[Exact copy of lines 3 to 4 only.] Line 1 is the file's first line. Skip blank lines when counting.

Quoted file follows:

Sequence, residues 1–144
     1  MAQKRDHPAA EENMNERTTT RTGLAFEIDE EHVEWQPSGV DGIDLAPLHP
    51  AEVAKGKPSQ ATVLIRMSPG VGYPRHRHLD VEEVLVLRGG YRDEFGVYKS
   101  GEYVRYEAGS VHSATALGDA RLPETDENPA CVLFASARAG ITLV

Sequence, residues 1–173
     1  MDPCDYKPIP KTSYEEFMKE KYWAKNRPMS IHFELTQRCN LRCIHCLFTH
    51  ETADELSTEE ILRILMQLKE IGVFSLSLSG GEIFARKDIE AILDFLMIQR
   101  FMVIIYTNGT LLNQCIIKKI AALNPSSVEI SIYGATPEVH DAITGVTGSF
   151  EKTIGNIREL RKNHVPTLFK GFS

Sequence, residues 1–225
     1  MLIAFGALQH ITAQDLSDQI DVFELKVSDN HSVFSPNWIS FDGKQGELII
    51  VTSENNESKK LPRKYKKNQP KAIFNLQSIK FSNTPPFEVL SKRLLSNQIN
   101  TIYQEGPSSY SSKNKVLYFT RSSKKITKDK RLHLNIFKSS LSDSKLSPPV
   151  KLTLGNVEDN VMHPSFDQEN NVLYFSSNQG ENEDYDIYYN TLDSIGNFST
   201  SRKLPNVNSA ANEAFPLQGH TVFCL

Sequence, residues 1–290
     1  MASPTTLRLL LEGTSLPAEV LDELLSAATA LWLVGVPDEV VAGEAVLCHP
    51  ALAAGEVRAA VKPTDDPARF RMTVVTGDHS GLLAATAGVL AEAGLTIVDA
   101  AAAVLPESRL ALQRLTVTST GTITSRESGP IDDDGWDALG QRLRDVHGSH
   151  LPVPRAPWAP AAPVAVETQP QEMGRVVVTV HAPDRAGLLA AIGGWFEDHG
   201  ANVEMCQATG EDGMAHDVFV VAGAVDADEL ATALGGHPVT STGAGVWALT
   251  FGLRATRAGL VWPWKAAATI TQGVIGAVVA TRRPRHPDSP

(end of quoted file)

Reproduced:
    51  AEVAKGKPSQ ATVLIRMSPG VGYPRHRHLD VEEVLVLRGG YRDEFGVYKS
   101  GEYVRYEAGS VHSATALGDA RLPETDENPA CVLFASARAG ITLV